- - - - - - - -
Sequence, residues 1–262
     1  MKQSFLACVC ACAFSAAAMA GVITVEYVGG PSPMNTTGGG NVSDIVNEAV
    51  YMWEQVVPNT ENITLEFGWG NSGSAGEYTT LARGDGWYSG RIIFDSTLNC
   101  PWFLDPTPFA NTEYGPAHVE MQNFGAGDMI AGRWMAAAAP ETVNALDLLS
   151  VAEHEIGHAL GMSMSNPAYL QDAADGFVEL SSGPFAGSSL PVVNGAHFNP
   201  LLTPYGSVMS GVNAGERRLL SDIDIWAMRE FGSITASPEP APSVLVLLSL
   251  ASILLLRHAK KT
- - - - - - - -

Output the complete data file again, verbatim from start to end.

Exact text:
Sequence, residues 1–262
     1  MKQSFLACVC ACAFSAAAMA GVITVEYVGG PSPMNTTGGG NVSDIVNEAV
    51  YMWEQVVPNT ENITLEFGWG NSGSAGEYTT LARGDGWYSG RIIFDSTLNC
   101  PWFLDPTPFA NTEYGPAHVE MQNFGAGDMI AGRWMAAAAP ETVNALDLLS
   151  VAEHEIGHAL GMSMSNPAYL QDAADGFVEL SSGPFAGSSL PVVNGAHFNP
   201  LLTPYGSVMS GVNAGERRLL SDIDIWAMRE FGSITASPEP APSVLVLLSL
   251  ASILLLRHAK KT